By the time I got to my arachnid adventures, I’d already seen a gigantic wooden elephant, watched a bunch of mechanical sea creatures move in creaking patterns on the Carrousel des Mondes Marins, and ridden a sea serpent. So my day was off to a fantastic start, and to make it better the sky was overcast and sprinkling slightly, and I love rain (and the rain was about to get much more intense). This was several weekends ago during the IES Abroad outing to the Machines de l’Ile, one of Nantes’s main attractions. When my mom was looking up interesting facts about the city before I left, she found the Machines and told me I should go, which I agreed to after seeing a picture of the huge mechanical elephant. But thanks to IES Abroad, I got to go for free!
Our tour of the Machines began with the Carrousel, which was where I saw all the robotic sea creatures. They were made with every attention to detail--the little birds atop a seashell carriage flew, the manta ray’s fins flapped slowly up and down, the sea serpent let out a vicious puff of smoke. Since we got to ride the carousel, I was drawn to that creature instantly, and sat down a little toward the back. Our guides walked around, explaining to my classmates that the levers by their seats could do certain things. My seat had no lever, but I didn’t mind...that and I was secretly terrified of breaking something.
That changed when we went on our tour of the Gallerie, filled with prototype creatures for the Ile’s next project—a huge tree filled with walkways and populated by Machines for visitors to ride. The first we saw was a huge spider, legs splayed in a bowl of dirt. While one of the guides talked, one of the workers came over to me, tapped my shoulder, and asked if I would like to ride the spider.
My first response was no. I hate having to do stuff in front of crowds of people. But she looked so surprised at my answer that I came to my senses and said yes.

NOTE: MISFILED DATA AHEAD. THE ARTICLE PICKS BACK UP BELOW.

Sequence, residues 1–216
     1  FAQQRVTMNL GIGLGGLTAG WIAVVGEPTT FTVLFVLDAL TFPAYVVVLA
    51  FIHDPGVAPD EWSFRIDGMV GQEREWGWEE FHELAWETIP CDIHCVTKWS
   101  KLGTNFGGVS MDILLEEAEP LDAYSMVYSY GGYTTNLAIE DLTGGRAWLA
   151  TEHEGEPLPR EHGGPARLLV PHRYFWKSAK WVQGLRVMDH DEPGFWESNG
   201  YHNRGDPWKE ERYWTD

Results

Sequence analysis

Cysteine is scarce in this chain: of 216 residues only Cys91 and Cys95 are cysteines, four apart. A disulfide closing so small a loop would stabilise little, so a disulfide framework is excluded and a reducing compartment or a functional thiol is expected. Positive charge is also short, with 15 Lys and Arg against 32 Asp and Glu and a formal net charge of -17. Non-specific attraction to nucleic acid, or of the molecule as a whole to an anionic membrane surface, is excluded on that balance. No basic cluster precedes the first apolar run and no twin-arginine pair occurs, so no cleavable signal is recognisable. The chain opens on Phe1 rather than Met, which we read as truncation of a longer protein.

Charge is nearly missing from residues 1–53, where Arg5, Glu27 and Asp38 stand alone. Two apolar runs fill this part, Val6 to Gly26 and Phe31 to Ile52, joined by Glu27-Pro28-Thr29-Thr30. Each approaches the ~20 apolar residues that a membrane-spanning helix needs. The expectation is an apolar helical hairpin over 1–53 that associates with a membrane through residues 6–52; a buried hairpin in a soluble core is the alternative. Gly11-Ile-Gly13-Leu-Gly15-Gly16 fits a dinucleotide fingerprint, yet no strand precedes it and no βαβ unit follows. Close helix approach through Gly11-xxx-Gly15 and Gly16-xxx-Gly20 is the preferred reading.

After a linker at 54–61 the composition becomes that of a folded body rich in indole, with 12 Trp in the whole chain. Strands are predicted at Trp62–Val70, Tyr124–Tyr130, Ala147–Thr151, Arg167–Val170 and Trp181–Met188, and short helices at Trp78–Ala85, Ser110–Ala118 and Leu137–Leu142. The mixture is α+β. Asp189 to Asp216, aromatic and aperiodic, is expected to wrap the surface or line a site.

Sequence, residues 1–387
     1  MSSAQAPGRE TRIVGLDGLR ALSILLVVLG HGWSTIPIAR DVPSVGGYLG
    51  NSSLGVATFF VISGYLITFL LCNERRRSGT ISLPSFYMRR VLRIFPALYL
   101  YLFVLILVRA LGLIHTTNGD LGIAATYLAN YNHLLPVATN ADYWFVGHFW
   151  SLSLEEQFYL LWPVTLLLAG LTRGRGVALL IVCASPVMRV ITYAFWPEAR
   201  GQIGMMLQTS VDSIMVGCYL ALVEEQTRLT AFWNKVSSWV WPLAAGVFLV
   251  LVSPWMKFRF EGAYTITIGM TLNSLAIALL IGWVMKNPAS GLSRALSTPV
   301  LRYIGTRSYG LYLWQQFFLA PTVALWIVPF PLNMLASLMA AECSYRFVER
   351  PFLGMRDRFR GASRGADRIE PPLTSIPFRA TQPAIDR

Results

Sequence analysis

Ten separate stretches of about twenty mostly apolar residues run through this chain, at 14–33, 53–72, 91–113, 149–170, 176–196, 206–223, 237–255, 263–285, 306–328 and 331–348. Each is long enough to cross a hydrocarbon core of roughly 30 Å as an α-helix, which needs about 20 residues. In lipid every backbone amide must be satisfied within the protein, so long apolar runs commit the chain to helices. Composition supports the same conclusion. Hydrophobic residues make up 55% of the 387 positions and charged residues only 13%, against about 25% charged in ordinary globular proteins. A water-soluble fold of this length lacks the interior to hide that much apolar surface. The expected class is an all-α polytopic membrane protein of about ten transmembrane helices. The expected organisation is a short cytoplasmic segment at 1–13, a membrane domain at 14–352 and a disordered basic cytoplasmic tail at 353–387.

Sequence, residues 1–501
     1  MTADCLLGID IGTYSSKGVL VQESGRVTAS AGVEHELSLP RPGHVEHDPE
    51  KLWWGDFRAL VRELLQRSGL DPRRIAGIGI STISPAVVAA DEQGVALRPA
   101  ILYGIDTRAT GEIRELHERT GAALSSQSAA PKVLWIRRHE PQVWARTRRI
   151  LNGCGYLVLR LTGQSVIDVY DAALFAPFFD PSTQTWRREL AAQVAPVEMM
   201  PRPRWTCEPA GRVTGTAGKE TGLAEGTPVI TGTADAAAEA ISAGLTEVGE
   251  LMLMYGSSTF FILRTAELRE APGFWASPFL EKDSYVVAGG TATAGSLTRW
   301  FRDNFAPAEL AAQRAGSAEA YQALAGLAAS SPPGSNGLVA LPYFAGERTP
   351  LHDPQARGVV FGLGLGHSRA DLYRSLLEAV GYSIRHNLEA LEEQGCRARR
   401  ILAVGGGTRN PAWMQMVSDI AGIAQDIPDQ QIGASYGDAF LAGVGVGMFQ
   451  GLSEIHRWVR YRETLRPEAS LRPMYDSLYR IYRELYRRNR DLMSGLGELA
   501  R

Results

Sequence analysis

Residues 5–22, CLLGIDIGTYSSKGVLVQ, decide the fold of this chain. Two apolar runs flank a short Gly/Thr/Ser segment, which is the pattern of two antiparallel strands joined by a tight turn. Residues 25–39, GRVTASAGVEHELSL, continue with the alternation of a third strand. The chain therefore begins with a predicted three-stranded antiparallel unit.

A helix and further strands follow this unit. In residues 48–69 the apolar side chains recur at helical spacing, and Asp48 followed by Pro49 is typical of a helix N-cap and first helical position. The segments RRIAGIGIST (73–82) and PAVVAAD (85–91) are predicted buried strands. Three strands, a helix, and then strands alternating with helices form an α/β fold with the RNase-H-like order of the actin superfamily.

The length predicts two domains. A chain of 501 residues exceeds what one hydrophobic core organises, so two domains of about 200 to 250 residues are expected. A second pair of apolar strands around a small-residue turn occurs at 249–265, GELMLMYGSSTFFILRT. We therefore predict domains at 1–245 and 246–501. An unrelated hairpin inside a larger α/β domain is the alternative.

She led me over to the back of the spider to wait with a small group of visitors, then opened the little door in the spider’s behind, leading us onto its open back, studded with buttons and levers. I stayed close to the back wall as she assigned my spider-mates buttons and explained what they did: “This one opens its eyes, this one moves two front legs…”
I was the last person to get a button. She pointed towards a nice fat red one, then said, “This button—”
Since she was speaking French, I had no idea what she said after that. As I was about to find out, my vocabulary didn’t exactly over this area.
The spider began to awaken, creaking beneath us in its little dirt pit. I tentatively pressed the button and heard a hissing noise, so I took my finger away quickly.
And I’m just going to pretend that I didn’t just break everything, I told myself. I did not kill the spider, I promise.
Its legs creaked and moved. Someone pressed the button that made it hiss. And then we were rising into the air, drawn upwards by a mess of cables. I stared over the edge as we got higher, then started moving out over the long corridor.
“You can press the button,” the employee told me.
Water shot out of the spider’s behind. It was so sudden and obscene that I almost instantly let go of the button.
What the hell?!
A few moments later, as the spider clawed its way through the air, she said I could press it again if I wanted.
This time I made liberal use of the button, making the spider pee in spurts all the way down the hall. When the spider returned to its resting place, I saw a splotch of wet dirt. I guess it did work the first time, I just couldn’t see it since the spider was still in the pit.
We were lowered down, and I made it pee one last time for good measure. When I rejoined my classmates, I told the girl next to me, in a voice that was ridiculously thrilled,
“I was the one who made it pee.”
“Oh, yeah,” she said. “That was weird.”
Yes. Yes, it was. Who thought to make a giant flying spider with a pee button?
I’d like to give them a hug.
The rest of the machines—flying herons, walking insects, crawling caterpillars—were ridden by other volunteers who operated various buttons and levers. They were all cool…but I mean, I flew in a giant robot spider.
And I'm the only one who gets to say, in all seriousness, that they made it pee.
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<p>Hi! My name is Suzan Frierson and I'm a junior at the University of Redlands. I'm a Creative Writing major and French minor, and the language inspired me to study abroad in Nantes. I love traveling, writing, and going on adventures.</p>